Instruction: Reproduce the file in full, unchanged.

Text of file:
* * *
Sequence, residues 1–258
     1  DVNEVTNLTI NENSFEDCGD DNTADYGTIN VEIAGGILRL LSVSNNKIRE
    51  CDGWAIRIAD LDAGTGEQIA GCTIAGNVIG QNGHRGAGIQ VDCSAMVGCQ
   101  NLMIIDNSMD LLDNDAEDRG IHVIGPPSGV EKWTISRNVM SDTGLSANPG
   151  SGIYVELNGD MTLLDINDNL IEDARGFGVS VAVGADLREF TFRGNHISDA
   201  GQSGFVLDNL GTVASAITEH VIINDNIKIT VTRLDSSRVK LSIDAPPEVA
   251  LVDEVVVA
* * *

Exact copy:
Sequence, residues 1–258
     1  DVNEVTNLTI NENSFEDCGD DNTADYGTIN VEIAGGILRL LSVSNNKIRE
    51  CDGWAIRIAD LDAGTGEQIA GCTIAGNVIG QNGHRGAGIQ VDCSAMVGCQ
   101  NLMIIDNSMD LLDNDAEDRG IHVIGPPSGV EKWTISRNVM SDTGLSANPG
   151  SGIYVELNGD MTLLDINDNL IEDARGFGVS VAVGADLREF TFRGNHISDA
   201  GQSGFVLDNL GTVASAITEH VIINDNIKIT VTRLDSSRVK LSIDAPPEVA
   251  LVDEVVVA